Penetration Testing: Linux vs Windows!
A typical question among penetration testers is: “Which is better and where do I need to focus my skills at: Linux or Windows? ” Whenever faced with this question, we recommend that your pen test toolset include both operating systems, side-by-side, doing work collectively to take full advantage of your effectiveness and skills. The fact is, some tools work greater on Linux while others work greater on Windows.
Several tools work simply fine on both equally, while various other tools have only been launched for one of those platforms. Thus, if you choose to work in only one OS, or at the very least just concentrate on that OS, you’ll be missing out on a great deal of incredibly useful tools and techniques. To increase efficiency and streamline workflow, it is suggested virtualizing one of these two OSs, perhaps using VMware, and running the two simultaneously on the same hardware so you can quickly switch between them.
ln reality, the whole question presented at the beginning of the last paragraph shows a way of thinking that should be transcended. Don’t think of them as two different operating systems. Think of them as one set of tools that you use in your penetration testing job. As a carpenter or plumber would use the best tool accessible and convenient for a given job, so must you. To continue with that analogy, don’t think of Windows and Linux as two different toolboxes. Rather, they are two different compartments in your single toolbox.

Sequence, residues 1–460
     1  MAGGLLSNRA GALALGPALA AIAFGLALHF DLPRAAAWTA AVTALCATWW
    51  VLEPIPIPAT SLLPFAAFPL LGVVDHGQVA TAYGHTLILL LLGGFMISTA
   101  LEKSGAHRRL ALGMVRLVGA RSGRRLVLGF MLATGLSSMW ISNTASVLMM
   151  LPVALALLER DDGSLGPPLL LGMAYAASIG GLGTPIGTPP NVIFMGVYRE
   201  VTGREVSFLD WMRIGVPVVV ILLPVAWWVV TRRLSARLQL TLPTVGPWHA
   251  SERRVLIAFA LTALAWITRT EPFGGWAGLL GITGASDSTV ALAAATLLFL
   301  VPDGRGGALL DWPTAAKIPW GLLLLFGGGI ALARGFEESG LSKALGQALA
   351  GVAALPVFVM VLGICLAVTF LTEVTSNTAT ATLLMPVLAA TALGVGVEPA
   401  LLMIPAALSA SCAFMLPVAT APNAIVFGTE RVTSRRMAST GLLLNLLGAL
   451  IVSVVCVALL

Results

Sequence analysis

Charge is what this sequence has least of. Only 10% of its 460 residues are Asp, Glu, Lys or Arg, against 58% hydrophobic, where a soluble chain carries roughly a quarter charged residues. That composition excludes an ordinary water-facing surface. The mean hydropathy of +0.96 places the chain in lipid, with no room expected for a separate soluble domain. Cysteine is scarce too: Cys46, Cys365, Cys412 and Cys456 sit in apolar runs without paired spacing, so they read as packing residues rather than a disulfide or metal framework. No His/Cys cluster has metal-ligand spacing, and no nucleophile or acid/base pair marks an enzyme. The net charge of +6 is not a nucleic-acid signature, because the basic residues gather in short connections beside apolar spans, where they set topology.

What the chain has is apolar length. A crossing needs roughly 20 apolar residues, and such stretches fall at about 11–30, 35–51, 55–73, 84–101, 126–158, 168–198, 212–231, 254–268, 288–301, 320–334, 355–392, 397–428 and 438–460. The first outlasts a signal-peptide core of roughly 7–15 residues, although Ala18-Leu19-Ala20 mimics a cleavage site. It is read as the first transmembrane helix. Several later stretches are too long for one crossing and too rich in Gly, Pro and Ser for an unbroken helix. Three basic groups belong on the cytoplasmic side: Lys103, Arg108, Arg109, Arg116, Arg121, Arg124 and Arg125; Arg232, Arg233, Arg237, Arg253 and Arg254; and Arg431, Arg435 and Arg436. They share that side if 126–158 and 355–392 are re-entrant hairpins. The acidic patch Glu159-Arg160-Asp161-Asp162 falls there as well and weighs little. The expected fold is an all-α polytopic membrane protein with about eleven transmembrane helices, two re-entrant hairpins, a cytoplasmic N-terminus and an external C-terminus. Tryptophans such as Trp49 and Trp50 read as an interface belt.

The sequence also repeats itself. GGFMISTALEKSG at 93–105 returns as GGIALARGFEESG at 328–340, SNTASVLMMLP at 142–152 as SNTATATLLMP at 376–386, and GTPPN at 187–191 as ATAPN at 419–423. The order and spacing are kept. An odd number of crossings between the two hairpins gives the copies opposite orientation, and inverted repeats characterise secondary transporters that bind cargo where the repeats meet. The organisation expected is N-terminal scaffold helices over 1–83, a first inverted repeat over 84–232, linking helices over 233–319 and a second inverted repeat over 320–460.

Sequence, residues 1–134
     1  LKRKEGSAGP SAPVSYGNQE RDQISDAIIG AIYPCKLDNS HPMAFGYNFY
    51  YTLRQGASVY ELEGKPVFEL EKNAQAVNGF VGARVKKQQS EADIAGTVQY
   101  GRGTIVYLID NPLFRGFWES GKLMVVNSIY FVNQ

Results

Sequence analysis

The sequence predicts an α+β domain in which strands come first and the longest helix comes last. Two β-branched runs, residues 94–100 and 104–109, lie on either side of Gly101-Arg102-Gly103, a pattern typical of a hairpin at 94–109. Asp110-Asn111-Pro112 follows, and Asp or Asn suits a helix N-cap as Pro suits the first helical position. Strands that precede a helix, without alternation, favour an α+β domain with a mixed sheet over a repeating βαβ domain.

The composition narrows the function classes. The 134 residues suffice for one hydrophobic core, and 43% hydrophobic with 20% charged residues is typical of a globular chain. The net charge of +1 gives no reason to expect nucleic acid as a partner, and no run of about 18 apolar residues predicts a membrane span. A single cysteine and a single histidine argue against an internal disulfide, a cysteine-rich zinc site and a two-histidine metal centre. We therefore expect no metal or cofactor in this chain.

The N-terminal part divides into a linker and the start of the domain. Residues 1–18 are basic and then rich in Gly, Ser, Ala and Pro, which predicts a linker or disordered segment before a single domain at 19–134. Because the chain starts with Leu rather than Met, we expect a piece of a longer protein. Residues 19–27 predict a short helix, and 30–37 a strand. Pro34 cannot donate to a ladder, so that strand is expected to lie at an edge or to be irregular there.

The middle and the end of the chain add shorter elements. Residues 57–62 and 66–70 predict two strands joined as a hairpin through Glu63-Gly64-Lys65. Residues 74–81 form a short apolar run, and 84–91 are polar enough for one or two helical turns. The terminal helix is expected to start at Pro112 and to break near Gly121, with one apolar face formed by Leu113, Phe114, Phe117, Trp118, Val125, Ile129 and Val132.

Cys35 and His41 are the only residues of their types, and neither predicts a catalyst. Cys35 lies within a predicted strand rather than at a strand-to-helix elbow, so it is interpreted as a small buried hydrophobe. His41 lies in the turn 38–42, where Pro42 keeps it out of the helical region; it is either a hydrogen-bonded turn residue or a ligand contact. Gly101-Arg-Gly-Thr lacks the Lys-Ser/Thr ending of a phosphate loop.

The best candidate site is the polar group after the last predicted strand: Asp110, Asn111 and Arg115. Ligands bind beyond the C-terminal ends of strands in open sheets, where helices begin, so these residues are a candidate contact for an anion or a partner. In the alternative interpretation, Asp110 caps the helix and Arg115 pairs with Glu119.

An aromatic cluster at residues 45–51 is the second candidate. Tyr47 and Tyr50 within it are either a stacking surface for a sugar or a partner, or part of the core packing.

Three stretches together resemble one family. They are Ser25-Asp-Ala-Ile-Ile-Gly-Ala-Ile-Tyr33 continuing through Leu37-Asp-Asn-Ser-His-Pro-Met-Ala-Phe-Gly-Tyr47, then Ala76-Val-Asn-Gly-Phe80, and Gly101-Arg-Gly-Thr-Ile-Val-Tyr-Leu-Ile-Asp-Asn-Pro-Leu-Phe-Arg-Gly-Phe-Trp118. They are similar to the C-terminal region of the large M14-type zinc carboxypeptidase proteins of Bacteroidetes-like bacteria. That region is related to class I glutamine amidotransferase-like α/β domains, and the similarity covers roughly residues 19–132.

A few of you are no doubt wondering whether Mac OS X is an suitable platform for penetration testing. lt is, with wonderful stability and ease of use. However, there are some tools for Linux and Windows that will simply not run on Mac OS X, no matter how hard you try to get them installed. Thus, if you plan to use Mac OS X, make sure you get a virtualization solution for it (like VMware Fusion) to ensure that you can also run at the same time Windows and Linux on top of Mac OS X.
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